32.8%

73.8 mph;

11.4%

Ricky Nolasco was once the poster child for the usefulness of defense-independent pitching stats. He consistently posted ERAs that were much higher than you might expect given his other peripherals. His biggest strength has been his ability to locate his pitches in the strike zone, keeping his walk rate very low. Unfortunately, age and injury has caused every other aspect of his arsenal to deteriorate. The Angels acquired him in an odd swap with the Twins, sending away Hector Santiago and a prospect for Nolasco and Alex Meyer, who starts tomorrow.

RHP Alex Meyer

IP

K%

BB%

HR/FB%

GB%

ERA

FIP

7

26.3%

21.1%

12.5%

35.0%

7.71

5.57

Pitches

Four-seam

Changeup

Curveball

96.5 mph;

62.7%

90.0 mph;

3.1%

85.1 mph;

33.5%

Once one of the most promising pitching prospects in the minors, Alex Meyer’s wildness and injury woes have tarnished his path to the majors. Standing six-foot-nine, his huge frame generates impressive velocity but it also makes his pitching mechanics inconsistent. That’s led to a lack of command throughout his career and saw him relegated to the bullpen with the Twins. He was traded to the Angels in the same deal that netted them Ricky Nolasco, though he’s only pitched 36 innings total this year because of lingering shoulder fatigue.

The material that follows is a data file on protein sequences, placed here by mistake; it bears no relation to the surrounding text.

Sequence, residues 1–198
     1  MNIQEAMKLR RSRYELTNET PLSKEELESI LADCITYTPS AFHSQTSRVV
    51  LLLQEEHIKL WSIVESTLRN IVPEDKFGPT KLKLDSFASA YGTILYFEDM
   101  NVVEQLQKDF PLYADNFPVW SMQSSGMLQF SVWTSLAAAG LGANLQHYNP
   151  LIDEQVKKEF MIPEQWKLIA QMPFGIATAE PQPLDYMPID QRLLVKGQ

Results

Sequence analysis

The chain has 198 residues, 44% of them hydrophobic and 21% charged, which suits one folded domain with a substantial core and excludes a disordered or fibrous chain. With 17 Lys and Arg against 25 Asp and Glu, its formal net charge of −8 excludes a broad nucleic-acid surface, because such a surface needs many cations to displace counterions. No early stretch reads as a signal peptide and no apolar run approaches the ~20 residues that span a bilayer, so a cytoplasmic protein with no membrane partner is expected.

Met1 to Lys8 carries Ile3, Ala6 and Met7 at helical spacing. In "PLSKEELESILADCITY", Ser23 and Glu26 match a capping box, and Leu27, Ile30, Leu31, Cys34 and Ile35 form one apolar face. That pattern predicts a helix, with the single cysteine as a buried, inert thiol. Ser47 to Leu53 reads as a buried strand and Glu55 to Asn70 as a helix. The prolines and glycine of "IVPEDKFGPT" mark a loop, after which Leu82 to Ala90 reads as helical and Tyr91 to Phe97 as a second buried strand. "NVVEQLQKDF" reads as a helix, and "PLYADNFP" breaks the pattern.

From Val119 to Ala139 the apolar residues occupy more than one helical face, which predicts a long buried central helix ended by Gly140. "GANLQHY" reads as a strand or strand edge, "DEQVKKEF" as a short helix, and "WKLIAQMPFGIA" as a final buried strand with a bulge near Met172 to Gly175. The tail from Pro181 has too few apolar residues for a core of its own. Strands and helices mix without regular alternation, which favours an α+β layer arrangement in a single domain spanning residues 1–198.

LHP Tyler Skaggs

IP

K%

BB%

HR/FB%

GB%

ERA

FIP

48

23.8

10.0%

10.6%

43.7%

4.13

3.85

Pitches

Four-seam

Changeup

Curveball

93.4 mph;

58.8%

86.5 mph;

14.0%

76.6 mph;

27.0%

A former top prospect, Tyler Skaggs had almost two seasons of his young career wiped out by Tommy John surgery. Prior to his injury, he was putting together a decent campaign for the Angels in his first full season in the majors. His strikeout rate was a little below average but he wasn’t walking many and had increased his groundball rate as well. After a long rehab process, he finally made it back to the majors on July 26. In his seven starts since returning, his velocity show no ill effects but his results have been completely erratic. He’s thrown three shutouts but also had a string of four starts where he gave up four or more runs in each of them.

The Big Picture:

The AL West

Team

W-L

W%

Games Behind

Recent Form

Rangers

85-59

.590

--

L-L-W-W-L

Mariners

75-68

.524

9.5

W-W-W-W-W

Astros

75-68

.524

9.5

L-L-L-W-L

Angels

63-79

.444

21.0

L-L-L-L-W

Athletics

60-82

.423

24.0

W-W-L-L-L

The Wild Card Race

Team

W-L

W%

Games Behind

Recent Form

Orioles

78-64

.549

--

W-L-L-W-W

Blue Jays

78-64

.549

--

L-L-L-W-L

Tigers

76-66

.535

2.0

L-L-W-L-L

Yankees

76-66

.535

2.0

W-W-W-W-L

Mariners

75-68

.524

3.5

W-W-W-W-W

Astros

75-68

.524

3.5

L-L-L-W-L

After their gauntlet of Central division leaders (the Indians and the Cubs), the Astros must now take on the Rangers for the last time this year, hoping to improve upon their 3-13 record. The Red Sox were able to take the AL East lead after beating the Blue Jays twice over the weekend. Toronto hosts the Rays to start this week. The Yankees had their seven-game winning streak snapped yesterday and are hosting the Dodgers for a three-game series. The Tigers couldn’t make up any ground in the Wild Card race against the Orioles, losing two of three over the weekend. The Orioles wrestle for the AL East lead in Boston while the Tigers host the Twins for four games.